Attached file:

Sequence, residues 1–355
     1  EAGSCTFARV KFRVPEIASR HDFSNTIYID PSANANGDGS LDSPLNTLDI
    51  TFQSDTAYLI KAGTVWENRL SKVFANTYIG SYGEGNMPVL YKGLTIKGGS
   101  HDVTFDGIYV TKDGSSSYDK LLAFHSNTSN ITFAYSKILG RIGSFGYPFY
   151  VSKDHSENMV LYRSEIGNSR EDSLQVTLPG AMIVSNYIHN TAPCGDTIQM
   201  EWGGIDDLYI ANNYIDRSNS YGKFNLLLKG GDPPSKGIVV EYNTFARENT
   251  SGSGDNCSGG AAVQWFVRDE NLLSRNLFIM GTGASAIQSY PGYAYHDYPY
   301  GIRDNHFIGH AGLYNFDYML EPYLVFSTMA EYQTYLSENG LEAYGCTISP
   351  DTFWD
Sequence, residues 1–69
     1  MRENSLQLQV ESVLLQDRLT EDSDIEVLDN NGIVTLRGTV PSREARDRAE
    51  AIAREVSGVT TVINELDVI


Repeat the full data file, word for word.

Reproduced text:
Sequence, residues 1–355
     1  EAGSCTFARV KFRVPEIASR HDFSNTIYID PSANANGDGS LDSPLNTLDI
    51  TFQSDTAYLI KAGTVWENRL SKVFANTYIG SYGEGNMPVL YKGLTIKGGS
   101  HDVTFDGIYV TKDGSSSYDK LLAFHSNTSN ITFAYSKILG RIGSFGYPFY
   151  VSKDHSENMV LYRSEIGNSR EDSLQVTLPG AMIVSNYIHN TAPCGDTIQM
   201  EWGGIDDLYI ANNYIDRSNS YGKFNLLLKG GDPPSKGIVV EYNTFARENT
   251  SGSGDNCSGG AAVQWFVRDE NLLSRNLFIM GTGASAIQSY PGYAYHDYPY
   301  GIRDNHFIGH AGLYNFDYML EPYLVFSTMA EYQTYLSENG LEAYGCTISP
   351  DTFWD
Sequence, residues 1–69
     1  MRENSLQLQV ESVLLQDRLT EDSDIEVLDN NGIVTLRGTV PSREARDRAE
    51  AIAREVSGVT TVINELDVI